Homeaway.com Decision Threatens to Re-write Trade-mark Law in Canada (But Is it for the Better?)

December 14th, 2012 by Dan Glover Leave a reply »

In a case that could have major ramifications for trade-marks law in Canada, Justice Hughes of the Federal Court has concluded that, when a trade-mark appears on a computer screen website in Canada, regardless where the information may have originated from or be stored, constitutes for Trade-Marks Act purposes, use and advertising in Canada.

This strong conclusion comes from Homeaway.com, Inc. v. Martin Hrdlicka, 2012 FC 1467, a decision released December 12, 2012. In this case, the Applicant sought to expunge a trade-mark registered in 2010 by the Respondent Hrdlicka. On the Application, the Respondent represented himself.

In concluding that the mark VRBO should be expunged because of prior use in Canada, Justice Hughes transplanted the concept that a given activity can be both “here and there” from three significant cases: Libman v. The Queen, [1985] 2 S.C.R. 178 (involving criminal charges for telemarketing fraud where phone calls were made to the United States from Toronto), Society of Composers, Authors and Music Publishers of Canada v. Canadian Assn. of Internet Providers, 2004 SCC 45 (a case on whether a copyright “communication to the public” implicates Canadian law when it comes from a foreign server), and eBay Canada Limited v Canada (Minister of National Revenue), 2007 FC 930 (a decision of Justice Hughes concluding that information on a U.S. server is “both here and there” when it is “readily and instantaneously available to those within the group of eBay entities”).

On the facts of the new Homeaway.com case, the conclusion that the Applicant’s activities were a use in Canada was a reasonable conclusion, as the Applicant was indeed targeting and servicing a Canadian audience in advertising, on its website, homes, apartments and the like owned by third persons who wish to rent them out to others, such as vacationers. However, the statement of law made by Justice Hughes appears to go beyond these activities to state a general concept that is hard to reconcile with volumes of Canadian trade-mark case law on what constitutes “use” in Canada:

I find, therefore, that a trade-mark which appears on a computer screen website in Canada, regardless where the information may have originated from or be stored, constitutes for Trade-Marks Act purposes, use and advertising in Canada.

If taken out of the context of the specific facts of this case and given the status of a general principle of trade-marks law, this statement could have powerful and potentially undesirable implications for trade-marks law in Canada.

Examples of undesirable implications abound. For example, a foreign rightsholder that is not actively using its mark to deliver services in Canada would be able to overcome a s. 45 “deadwood” notice by showing a mark appeared on a Canadian screen in the past three years, even if it did not or could not perform a service. Likewise, a foreign rightsholder could seek to expunge a bona fide trade-mark in Canada on the grounds of “prior use” via the Internet, even if it had never been “prepared to perform” its services in Canada (see, e.g., Bedwell v. Mayflower, (1999), 2 C.P.R. (4th) 543; Société Nationale des Chemins de Fer Français SNCF v. Venice Simplon-Orient-Express, Inc., (2000), 9 C.P.R. (4th) 443 (F.C.T.D.) aff’g 64 C.P.R. (3d) 87 (“SNCF”)). Such a result would appear to be inconsistent with the well-known statement of the Supreme Court in Mattel, Inc. v. 3894207 Canada Inc., 2006 SCC 22 that “the gravaman of trade-mark entitlement is actual use”, with the Supreme Court connecting use to Canada. The result would also appear to be inconsistent with the longstanding distinction between actual use in Canada (s. 4) and “making known” in Canada (s. 5). Last, if taken out of context, the statement begs the question of whether a given Internet display truly is an “advertising of those services” in the meaning of s. 4(2) of the Trade-Marks Act.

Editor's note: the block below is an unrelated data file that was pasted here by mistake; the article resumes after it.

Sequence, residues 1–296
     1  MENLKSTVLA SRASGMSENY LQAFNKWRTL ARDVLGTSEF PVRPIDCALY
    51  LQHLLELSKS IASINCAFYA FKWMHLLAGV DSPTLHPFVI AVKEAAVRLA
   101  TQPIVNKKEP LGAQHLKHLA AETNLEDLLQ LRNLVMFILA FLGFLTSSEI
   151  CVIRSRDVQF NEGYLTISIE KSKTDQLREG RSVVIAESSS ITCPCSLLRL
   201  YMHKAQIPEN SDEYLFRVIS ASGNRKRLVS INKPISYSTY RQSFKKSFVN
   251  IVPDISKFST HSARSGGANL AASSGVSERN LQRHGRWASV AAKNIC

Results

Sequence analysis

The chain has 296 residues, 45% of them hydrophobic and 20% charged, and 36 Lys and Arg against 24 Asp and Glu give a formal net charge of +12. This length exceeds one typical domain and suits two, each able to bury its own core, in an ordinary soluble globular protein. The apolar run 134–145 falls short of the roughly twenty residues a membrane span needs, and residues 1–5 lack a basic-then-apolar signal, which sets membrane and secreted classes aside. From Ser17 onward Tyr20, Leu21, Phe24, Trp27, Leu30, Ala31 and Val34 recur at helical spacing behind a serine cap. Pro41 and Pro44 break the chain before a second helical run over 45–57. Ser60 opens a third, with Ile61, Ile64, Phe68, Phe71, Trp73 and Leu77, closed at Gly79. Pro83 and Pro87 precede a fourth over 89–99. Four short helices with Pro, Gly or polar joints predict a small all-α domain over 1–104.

As other courts have realized, the question of whether a given activity can be “here and there” is context specific. In the case Sirius Canada Inc. v. CMRRA/SODRAC Inc., 2010 FCA 348 (in which Andrew Reddon and I represented Sirius Canada), the Federal Court of Appeal recognized that, despite the SOCAN case at the Supreme Court, not all copyright activities taking place across a border with a Canadian impact are governed by Canadian law. In that case, as an example, a reproduction taking place on a U.S. server could not give rise to authorization liability in Canada, even if it supported a transmission that reached Canada. Why? Since the primary activity (the reproduction) took place on U.S. soil and was governed by U.S. law, any authorization of that activity was also governed by U.S. law.

Likewise, in trade-marks law, under venerable cases such as HRB Royalty, Inc v Express File, Inc, 2002 CanLII 61428 (CA TMOB), Porter v. Don the Beachcomber, (1966), 48 C.P.R. 280  (Ex. Ct.) and Marineland v. Marine Wonderland and Animal Park Ltd. (1974), 16 C.P.R. (3d) 97 (F.C.T.D.), an important distinction was drawn between services performed in Canada and services performed outside Canada, perhaps for Canadians. The former category should amount to “use in Canada”; the latter category should not, even if an advertisement trickles across the Canadian border.

So even if the right result was achieved in this case (because the Applicant was targeting and serving Canadians consistent with cases like SNCF), it would be dangerous to treat the Homeaway.com statement as a stable or unassailable principle of trade-marks law. The safer approach is to restrict the case to its facts while remaining skeptical of its general pronouncement.

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